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Origin of prohibition
OTHER WORDS FROM prohibitionpro·hi·bi·tion·ar·y, adjectivean·ti·pro·hi·bi·tion, adjective, nounnon·pro·hi·bi·tion, nounpre·pro·hi·bi·tion, noun
Words nearby prohibition
When was Prohibition?
Prohibition refers to a period in American history when the sale, manufacture, and transportation of alcoholic beverages was made illegal. The law, which was created by the Eighteenth Amendment (ratified in 1918) to the United States Constitution and subsequently reversed by the Twenty-first Amendment (ratified in 1933), proved largely unpopular.
What was Prohibition?
Anti-alcohol advocacy, formally called the temperance movement, was popular in the United States in the early 19th century. Largely created and run by religious women, the temperance movement was a response to the perceived role that alcoholism and drunkenness played in creating crime, poverty, and trouble among families. The movement grew through the 19th century, gaining footholds in traditionally Protestant areas like New England, until 1918, when the Eighteenth Amendment (which is often called Prohibition and was enforced through the Volstead Act) was ratified. Prohibition effectively lasted from 1920–1933, and is so called because it prohibited (banned) making, selling, or transporting alcohol.
Many Americans disagreed with Prohibition, and many ignored the laws and restrictions. While alcohol consumption did fall as a result of liquor becoming more difficult to obtain, Prohibition also spawned a new area of organized crime in which bootlegging (making, transporting, and selling alcohol illegally) rose in popularity. This business could be carried out locally, but it was largely controlled by the mob, who created a national bootlegging network. Famed gangster Al Capone is said to have made $60 million every year from his bootlegging exploits. Many people also made their own alcohol from scratch, creating homemade beer or moonshine.
Prohibition was eventually repealed in 1933, amidst the Great Depression. President Franklin D. Roosevelt saw the possibilities in creating an influx of jobs through reviving the liquor industry, and actually campaigned on a platform that involved repealing Prohibition. Roosevelt easily won the election and repealed Prohibition, to much celebration.
Examples of Prohibition
“In an age when individual freedom is all, it comes as something of a shock to reflect that in the world’s most prosperous and dynamic country the prohibition of alcohol lasted for almost 14 years. Today we often think of Prohibition as a deluded experiment, instinctively associating it with images of Al Capone, the mafia, and the Valentine’s Day Massacre. In fact, the campaign to prohibit alcohol had been deeply rooted in Anglo-American society for some two centuries.”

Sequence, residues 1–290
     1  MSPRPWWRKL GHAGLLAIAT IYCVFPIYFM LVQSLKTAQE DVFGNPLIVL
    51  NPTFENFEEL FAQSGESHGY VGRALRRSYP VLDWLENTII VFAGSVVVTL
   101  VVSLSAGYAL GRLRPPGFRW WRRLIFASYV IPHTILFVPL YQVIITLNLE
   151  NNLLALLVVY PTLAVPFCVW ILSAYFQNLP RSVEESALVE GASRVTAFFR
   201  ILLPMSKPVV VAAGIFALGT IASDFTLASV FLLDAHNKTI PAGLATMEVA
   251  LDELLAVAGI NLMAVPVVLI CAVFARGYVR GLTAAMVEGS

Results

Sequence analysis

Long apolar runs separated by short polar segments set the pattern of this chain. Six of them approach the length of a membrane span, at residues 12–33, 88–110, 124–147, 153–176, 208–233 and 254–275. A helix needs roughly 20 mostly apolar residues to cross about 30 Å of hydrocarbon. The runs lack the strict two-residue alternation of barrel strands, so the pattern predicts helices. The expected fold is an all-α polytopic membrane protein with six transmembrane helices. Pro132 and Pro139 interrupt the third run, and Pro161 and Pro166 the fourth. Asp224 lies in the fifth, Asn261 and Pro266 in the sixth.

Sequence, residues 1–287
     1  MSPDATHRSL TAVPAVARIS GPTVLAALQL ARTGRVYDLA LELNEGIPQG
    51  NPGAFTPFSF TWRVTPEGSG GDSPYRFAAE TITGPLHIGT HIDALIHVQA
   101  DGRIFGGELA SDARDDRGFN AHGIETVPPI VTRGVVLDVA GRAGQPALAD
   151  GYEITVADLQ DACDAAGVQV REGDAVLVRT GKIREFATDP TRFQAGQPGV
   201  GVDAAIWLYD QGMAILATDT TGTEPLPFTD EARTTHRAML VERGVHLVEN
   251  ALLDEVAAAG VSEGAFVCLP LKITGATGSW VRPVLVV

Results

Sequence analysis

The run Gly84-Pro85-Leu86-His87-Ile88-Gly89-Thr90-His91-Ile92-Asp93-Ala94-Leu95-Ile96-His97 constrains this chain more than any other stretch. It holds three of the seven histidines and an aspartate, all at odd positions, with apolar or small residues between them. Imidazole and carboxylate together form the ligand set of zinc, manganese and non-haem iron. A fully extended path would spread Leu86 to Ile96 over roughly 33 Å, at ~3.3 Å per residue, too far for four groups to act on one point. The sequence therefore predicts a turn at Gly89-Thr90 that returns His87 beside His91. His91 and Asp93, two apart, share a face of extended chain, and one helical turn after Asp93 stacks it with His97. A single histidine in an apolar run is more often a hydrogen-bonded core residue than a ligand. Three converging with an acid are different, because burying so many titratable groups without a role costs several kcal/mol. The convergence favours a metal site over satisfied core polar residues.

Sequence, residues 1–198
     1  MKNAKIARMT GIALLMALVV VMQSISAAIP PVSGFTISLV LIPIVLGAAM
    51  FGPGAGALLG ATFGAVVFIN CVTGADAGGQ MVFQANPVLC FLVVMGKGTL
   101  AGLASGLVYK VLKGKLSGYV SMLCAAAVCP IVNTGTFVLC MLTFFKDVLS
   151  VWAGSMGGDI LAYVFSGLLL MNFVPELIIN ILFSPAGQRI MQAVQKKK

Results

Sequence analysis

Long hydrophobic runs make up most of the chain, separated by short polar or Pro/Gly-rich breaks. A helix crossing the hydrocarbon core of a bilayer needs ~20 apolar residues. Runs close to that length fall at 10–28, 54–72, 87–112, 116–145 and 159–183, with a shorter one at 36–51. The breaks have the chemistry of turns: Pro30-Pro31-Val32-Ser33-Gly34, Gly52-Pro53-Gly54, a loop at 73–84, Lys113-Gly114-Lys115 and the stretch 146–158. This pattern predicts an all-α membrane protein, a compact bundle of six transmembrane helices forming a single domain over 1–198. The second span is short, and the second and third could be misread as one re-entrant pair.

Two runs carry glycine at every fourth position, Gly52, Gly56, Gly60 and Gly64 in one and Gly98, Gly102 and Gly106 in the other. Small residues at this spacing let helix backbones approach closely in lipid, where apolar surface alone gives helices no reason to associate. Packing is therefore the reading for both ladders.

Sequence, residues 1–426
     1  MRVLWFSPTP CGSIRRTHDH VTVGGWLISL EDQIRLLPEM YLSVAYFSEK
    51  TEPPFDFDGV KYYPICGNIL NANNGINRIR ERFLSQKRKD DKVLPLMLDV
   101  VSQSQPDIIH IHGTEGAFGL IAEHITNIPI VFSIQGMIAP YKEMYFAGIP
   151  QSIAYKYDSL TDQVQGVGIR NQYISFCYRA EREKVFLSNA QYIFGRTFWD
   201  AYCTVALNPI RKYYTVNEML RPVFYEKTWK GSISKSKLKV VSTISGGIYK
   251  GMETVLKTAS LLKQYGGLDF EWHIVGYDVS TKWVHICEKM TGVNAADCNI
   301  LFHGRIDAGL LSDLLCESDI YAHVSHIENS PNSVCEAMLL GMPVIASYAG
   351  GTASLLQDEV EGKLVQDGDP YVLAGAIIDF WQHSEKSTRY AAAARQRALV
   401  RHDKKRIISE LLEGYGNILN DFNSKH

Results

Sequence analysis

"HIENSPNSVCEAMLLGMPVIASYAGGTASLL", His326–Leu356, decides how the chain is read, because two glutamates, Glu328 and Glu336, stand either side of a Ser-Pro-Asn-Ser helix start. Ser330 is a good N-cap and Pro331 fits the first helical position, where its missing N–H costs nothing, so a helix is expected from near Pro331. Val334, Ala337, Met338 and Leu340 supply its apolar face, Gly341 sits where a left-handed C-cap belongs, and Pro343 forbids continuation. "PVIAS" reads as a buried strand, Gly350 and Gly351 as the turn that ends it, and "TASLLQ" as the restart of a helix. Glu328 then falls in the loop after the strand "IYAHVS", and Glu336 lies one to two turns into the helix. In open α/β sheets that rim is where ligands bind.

—Dominic Sandbrook, “How Prohibition backfired and gave America an era of gangsters and speakeasies,” The Guardian, August 25, 2012
“When the 21st Amendment was ratified on this day, Dec. 5, in 1933, it ended Prohibition 13 years, 10 months, and 19 days after it began.”
—Jennifer Latson, “A Toast to the End of Prohibition,” Time, December 5, 2014
This content is not meant to be a formal definition of this term. Rather, it is an informal summary that seeks to provide supplemental information and context important to know or keep in mind about the term’s history, meaning, and usage.
Example sentences from the Web for prohibition
The trade flouts a March 2014 prohibition on all exports of weaponry and military equipment to Moscow.
After the end of Prohibition in 1933, alcohol was once again legal throughout Arkansas.
The first major shift towards the Republican Party in Texas came with Prohibition.
Or take Breaker bourbon, the “first bourbon produced in Southern California since Prohibition.”Your ‘Craft’ Rye Whiskey Is Probably From a Factory Distillery in Indiana|Eric Felten|July 28, 2014|DAILY BEAST
The prohibition was erected for good reason: to prevent the religious wars that wracked Europe in the previous century.The Tea Party Isn’t a Political Movement, It’s a Religious One|Jack Schwartz|July 13, 2014|DAILY BEAST
For periodicals it is sufficient if the prohibition is made in a general way, at the beginning of each number.Copyright: Its History and Its Law|Richard Rogers Bowker
I can very well understand why such a prohibition was never given in that case.The Black Baronet; or, The Chronicles Of Ballytrain|William Carleton
The King, when he heard of it, smiled and said that his prohibition had only been aimed at men.Old and New Paris, v. 1|Henry Sutherland Edwards
In the Penitentials we find the prohibition of burning grains where a man had died.Folklore as an Historical Science|George Laurence Gomme
The minor will be sufficiently proved by disproving all the pretences of a prohibition.A Christian Directory (Volume 1 of 4)|Richard Baxter
British Dictionary definitions for prohibition (1 of 2)
Derived forms of prohibitionprohibitionary, adjective
British Dictionary definitions for prohibition (2 of 2)
Derived forms of ProhibitionProhibitionist, noun
Cultural definitions for prohibition
The outlawing of alcoholic beverages nationwide from 1920 to 1933, under an amendment to the Constitution. The amendment, enforced by the Volstead Act, was repealed by another amendment to the Constitution in 1933.